Love that Budget Surplus! Use It to Bullet-Proof State Finances.

by James A. Bacon

There’s good news for Virginia on the fiscal front. We need to make the most of it.

The Old Dominion closed fiscal 2022 with a $1.94 billion General Fund revenue surplus, Governor Glenn Youngkin announced yesterday. Total revenue rose 16.3% from the previous fiscal year.

“Fiscal 2022 was an extraordinary year for revenues and finished strong,” Secretary of Finance Stephen Cummings said. While the state has yet to recover all the 133,000 jobs it lost during the pandemic, job growth has been strong this calendar year — 3.5%. And, while competitor states all exceed their pre-pandemic employment levels, Virginia has scored some economic-development coups — LEGO, Raytheon and Boeing most notably. Over the first four months of 2022, Virginia ranked 15th nationally among the states in employment growth. 

Youngkin makes a case for giving some of the revenue surplus back to taxpayers, who are getting clobbered by 9% inflation. I’m sympathetic. Taxpayers are getting the shaft. But I have bigger concerns.

In all likelihood, Virginia’s economic and budget surges are unsustainable. They are byproducts of economic recovery from the COVID-19 shutdowns and massive federal stimulus. The effects of COVID recovery are largely spent, and the federal stimulus is unsustainable. Washington’s political class may delude itself that it can continue ramping up deficit spending with economic impunity, but history suggests that it cannot.

In the video above author John Rubino describes how the U.S. — like other developed countries with profligate central banks — is approaching debt saturation. “We’ve borrowed so much money that we have to keep interest rates low to make that debt manageable,” he explains. “But by keeping interest rates extremely low, we, in effect, have to create a lot of new currency … to buy the bonds whose yield we’re trying to force down. And that leads to inflation, which forces interest rates up because nobody wants to lend money if they’re going to be paid back in a depreciating currency…. And that makes it impossible to manage the debt load. That’s kind of where we are right now.”

As columnist Kimberly Strassel observes today in The Wall Street Journal, the United States no longer has a party of fiscal austerity. There still are Republicans who fret about deficits and the debt, but plenty of R’s vote with Democrats, who have convinced themselves that deficit spending and monetary stimulus have no meaningful consequences. Blaming 9% inflation on Putin’s war in Ukraine and COVID-related supply-side disruptions, the economic illiterates contend that inflation is transitory.

It is true that the Fed has bumped up interest rates a smidgeon, but when 1-year treasuries yield 3% and inflation is 9%, that’s an inflation-adjusted interest rate of negative 6%. That is not a restrictive monetary policy. It will do next to nothing to reign in inflation. But monetary tightening may be sufficient to push the U.S. into a recession. Rubino foresees two possible scenarios: one in which the political class gives up the fight on inflation, which then rages higher; and the other in which monetary tightening leads to a nasty recession in which the debt-laden economy collapses like a deck of cards. With real interest rates at -6%, the Fed has run out of tricks to keep the game going.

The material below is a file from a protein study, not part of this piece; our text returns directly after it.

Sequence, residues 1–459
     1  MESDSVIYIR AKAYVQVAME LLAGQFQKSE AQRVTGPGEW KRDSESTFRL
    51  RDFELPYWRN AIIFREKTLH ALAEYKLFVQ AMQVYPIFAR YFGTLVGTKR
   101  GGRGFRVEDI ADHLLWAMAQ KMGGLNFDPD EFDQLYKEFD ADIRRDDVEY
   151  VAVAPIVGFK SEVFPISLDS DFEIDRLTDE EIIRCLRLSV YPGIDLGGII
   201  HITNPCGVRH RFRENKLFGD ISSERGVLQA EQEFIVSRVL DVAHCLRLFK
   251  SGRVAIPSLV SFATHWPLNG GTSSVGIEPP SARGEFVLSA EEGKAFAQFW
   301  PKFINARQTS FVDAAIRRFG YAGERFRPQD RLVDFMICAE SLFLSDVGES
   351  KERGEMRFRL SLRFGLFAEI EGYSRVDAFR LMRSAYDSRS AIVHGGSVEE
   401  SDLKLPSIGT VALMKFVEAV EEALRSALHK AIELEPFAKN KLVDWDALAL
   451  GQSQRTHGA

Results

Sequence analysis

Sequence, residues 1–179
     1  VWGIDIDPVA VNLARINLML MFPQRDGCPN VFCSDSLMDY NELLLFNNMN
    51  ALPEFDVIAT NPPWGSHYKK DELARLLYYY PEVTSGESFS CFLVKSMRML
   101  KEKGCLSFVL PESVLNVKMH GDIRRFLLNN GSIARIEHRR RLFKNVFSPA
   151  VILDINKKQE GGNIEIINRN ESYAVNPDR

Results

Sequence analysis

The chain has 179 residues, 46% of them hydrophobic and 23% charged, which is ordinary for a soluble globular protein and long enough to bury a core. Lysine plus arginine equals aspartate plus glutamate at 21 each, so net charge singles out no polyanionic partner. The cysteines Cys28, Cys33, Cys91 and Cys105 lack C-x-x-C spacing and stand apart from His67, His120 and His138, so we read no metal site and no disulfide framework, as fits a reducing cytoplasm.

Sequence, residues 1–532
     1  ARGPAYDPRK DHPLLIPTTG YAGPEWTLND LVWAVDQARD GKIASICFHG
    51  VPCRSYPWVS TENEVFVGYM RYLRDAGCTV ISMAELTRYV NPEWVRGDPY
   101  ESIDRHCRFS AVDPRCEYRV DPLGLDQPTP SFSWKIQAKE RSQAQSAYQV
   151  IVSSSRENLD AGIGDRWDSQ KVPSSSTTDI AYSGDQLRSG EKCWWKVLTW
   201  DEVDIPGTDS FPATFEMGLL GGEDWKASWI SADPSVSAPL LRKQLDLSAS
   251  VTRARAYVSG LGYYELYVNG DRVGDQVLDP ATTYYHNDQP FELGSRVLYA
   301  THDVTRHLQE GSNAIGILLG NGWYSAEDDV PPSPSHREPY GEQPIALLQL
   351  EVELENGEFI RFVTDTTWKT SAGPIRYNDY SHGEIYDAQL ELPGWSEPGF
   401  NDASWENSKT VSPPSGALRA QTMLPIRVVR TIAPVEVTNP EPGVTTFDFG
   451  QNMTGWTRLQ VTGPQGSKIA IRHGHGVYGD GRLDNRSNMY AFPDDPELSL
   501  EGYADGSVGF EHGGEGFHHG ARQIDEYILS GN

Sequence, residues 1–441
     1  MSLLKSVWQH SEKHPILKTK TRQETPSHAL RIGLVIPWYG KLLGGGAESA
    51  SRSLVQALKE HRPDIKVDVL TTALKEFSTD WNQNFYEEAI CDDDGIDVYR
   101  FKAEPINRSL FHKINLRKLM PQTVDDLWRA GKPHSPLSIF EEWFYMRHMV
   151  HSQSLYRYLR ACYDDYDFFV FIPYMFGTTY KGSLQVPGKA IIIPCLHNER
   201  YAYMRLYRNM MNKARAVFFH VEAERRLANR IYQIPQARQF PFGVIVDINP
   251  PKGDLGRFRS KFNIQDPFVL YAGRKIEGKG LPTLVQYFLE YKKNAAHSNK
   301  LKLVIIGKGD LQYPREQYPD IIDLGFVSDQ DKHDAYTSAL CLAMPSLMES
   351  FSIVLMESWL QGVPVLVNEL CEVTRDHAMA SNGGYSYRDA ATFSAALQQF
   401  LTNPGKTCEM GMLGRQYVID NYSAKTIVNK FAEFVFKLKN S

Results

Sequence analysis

Making the problem immeasurably worse is that every major central bank in the world has been pursuing lax monetary policies and racking up debt. The European Central Bank still has interest rates that are negative in nominal terms, not just inflation-adjusted terms. China is facing the collapse of its housing market, which accounts for 75% of all personal wealth in the country. Japan has accumulated the largest national debt-to-GDP ratio in the world, made possible only by harsh interest rate repression. As food and energy prices soar, civil unrest in developing nations is spreading — witness most recently the collapse of the government in Cyprus, where insane green policies ruined the critical agricultural sector. How will the shock of defaults on sovereign debt transmit through the global economy? That’s anybody’s guess.

There is no telling how the global experiment in massive indebtedness will end. Perhaps the brain trust in Washington, D.C., will manage to kluge its way through another business cycle without triggering another depression. But any sentient person should be able to recognize that the systemic risks are incredibly high.

Where does that leave Virginia? As I have argued since the publication of Boomergeddon in 2010, we need to bullet-proof our state finances. When the federal fiscal regime disintegrates, state fiscal solvency will be the only thing standing between the citizenry and societal collapse.

Youngkin and the General Assembly are making small down payments toward that goal. According to the Richmond Times-Dispatch’s Michael Martz, Virginia will add $250 million to lower public pension liabilities, for a total of $1 billion. In 2021, according to the Reason Foundation, Virginia’s unfunded pension liability stood at $5.97 billion, making the Virginia Retirement System 94% fully funded, a huge improvement from the 2007 recession. Unfortunately, negative investment returns this year mean that public pension fund shortfalls are expected to exceed $1 trillion by the end of the year. Virginia is not exempt.

Meanwhile, no one has a clear idea how much debt other state and local authorities have accumulated or what the quality is of those investments. No one has conducted an audit. We simply don’t know. Maybe the U.S. can avoid its economic reckoning and Virginia has nothing to worry about. But maybe it can’t. As much as I’d like to give back money to taxpayers, I’d prefer to have functioning state and local governments should the fiscal cataclysm come.